Magazine article The Spectator

Close Up: An Actor Telling Tales

Magazine article The Spectator

Close Up: An Actor Telling Tales

Article excerpt

A modest triumph CLOSE UP: AN ACTOR TELLING TALES by John Fraser Oberon Books, £21, pp. 294, ISBN 1840024577 £20 (plus £2.25 p&p) 0870 800 4848

Handsome young male actors of the older school have tended, in my experience, to be somewhat vapid and vain. I write this in no spirit of envy - comic and character actors, like proverbial blondes, usually have more fun. A shining exception to my first observation has always been John Fraser, once a golden youth, later a leading stage actor of distinction, always an intelligent, witty, modest and charming man. These latter qualities are much in evidence in his delightful autobiography. He writes exceedingly well - his often short, pithy chapters and sentences and his gift for evoking natural scenery invite comparison with Dirk Bogarde's writings but have none of Bogarde's occasional preciosity. There are remarkable set pieces like his description of a stag hunt in France at once romantic and brutal - and many hilarious vignettes. When John was a Rank film star he attended grand lunches at the aforementioned Bogarde's house with luminaries like Rex Harrison, Kay Kendall and Judy Garland:

Another guest, the Thirties musical star Jessie Matthews, was a sort of in-joke, I suppose and as jokes are frequently wont to do, it misfired. She not only sang 'Over my Shoulder' to Judy, but piling Pelion on the Ossa of embarrassment, she insisted on high-kicking her way round the table showing her knickers which barely concealed an uncharted moonscape of cellulite.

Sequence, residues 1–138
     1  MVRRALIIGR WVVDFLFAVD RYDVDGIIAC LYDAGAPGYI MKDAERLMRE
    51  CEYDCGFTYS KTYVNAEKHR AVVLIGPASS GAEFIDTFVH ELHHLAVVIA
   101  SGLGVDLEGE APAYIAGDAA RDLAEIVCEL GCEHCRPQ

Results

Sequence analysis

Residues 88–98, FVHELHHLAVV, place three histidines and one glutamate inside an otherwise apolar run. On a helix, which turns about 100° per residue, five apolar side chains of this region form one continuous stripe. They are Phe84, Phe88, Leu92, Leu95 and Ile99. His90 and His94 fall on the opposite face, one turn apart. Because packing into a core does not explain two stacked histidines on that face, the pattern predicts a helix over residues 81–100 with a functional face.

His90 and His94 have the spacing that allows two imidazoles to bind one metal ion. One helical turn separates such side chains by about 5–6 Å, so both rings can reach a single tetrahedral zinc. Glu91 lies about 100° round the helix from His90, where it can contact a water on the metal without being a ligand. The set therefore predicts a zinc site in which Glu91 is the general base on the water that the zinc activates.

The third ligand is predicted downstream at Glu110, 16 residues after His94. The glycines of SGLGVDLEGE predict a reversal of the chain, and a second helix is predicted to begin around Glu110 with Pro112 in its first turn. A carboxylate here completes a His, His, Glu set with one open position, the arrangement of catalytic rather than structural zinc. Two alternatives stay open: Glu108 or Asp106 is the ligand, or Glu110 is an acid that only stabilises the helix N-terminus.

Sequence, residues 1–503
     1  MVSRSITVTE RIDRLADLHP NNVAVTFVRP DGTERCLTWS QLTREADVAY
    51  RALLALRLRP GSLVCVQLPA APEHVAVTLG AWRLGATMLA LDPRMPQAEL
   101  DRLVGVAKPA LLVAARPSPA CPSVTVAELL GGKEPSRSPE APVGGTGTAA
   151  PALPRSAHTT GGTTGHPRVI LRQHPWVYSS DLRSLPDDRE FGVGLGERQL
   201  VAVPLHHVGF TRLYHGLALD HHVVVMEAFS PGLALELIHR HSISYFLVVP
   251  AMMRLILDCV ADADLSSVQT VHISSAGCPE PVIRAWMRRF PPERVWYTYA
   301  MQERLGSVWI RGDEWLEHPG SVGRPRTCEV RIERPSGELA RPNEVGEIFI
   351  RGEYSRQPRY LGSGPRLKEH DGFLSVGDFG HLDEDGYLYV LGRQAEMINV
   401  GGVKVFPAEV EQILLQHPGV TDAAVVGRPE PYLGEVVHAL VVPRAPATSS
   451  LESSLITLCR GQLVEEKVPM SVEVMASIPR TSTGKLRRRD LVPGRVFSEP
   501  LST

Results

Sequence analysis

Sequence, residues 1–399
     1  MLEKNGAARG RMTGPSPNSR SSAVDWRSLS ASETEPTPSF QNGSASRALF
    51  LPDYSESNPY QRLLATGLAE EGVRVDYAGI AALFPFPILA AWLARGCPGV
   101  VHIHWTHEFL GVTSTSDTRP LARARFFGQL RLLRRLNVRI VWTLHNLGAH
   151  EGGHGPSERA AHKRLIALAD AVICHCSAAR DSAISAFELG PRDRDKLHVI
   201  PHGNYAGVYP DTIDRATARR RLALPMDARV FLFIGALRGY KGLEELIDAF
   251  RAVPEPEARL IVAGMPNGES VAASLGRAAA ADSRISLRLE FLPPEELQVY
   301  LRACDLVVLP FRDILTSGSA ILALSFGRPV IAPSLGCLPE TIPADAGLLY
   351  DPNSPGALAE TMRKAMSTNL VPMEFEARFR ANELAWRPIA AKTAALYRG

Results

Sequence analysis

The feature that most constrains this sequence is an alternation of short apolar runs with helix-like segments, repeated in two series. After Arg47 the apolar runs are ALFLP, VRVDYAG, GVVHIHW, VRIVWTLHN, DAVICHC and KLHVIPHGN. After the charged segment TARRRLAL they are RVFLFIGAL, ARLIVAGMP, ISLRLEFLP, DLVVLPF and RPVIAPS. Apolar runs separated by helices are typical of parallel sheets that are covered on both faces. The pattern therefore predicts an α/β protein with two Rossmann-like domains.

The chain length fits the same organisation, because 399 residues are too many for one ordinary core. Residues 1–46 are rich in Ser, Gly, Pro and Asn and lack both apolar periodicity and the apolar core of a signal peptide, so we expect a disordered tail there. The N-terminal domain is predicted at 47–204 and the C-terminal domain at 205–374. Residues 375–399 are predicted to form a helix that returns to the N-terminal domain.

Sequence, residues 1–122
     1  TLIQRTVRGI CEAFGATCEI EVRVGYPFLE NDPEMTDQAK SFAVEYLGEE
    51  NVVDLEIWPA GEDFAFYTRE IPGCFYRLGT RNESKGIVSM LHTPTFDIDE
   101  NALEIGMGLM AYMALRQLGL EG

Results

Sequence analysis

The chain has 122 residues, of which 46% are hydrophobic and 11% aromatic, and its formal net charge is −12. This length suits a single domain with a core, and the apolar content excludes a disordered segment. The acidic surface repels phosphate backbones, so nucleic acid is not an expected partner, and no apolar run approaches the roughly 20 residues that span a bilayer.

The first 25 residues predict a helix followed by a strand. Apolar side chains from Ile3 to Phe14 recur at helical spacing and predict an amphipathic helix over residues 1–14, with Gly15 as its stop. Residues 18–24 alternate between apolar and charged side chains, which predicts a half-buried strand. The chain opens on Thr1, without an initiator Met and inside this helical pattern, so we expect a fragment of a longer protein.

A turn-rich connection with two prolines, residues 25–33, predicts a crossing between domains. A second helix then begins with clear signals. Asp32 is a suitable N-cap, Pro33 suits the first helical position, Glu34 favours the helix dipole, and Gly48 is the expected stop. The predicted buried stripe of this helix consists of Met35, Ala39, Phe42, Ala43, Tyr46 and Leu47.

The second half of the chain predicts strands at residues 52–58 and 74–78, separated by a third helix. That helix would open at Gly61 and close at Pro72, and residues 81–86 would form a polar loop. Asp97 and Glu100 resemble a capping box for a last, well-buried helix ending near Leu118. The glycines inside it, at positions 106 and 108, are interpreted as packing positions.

John can be merciless but never malicious; with notable exceptions he rejoices in humanity's foibles. His life has by no means always been easy. His impoverished beginnings on a pre-war Glasgow council estate, with a hopelessly, violently drunken father and an adored mother both dying at only 48, make for painful reading, all the more so because of the writer's lack of self-pity. A good high-school education paid for by a remarkable aunt, early exposure to literature, music and painting were saving graces.

His homosexuality, described unflinchingly but quite unsalaciously, created a major problem for him in his youth as it did for any invert while the cruel anti-gay laws still operated, especially for a popular young film star adored by women and platonically adoring them. …

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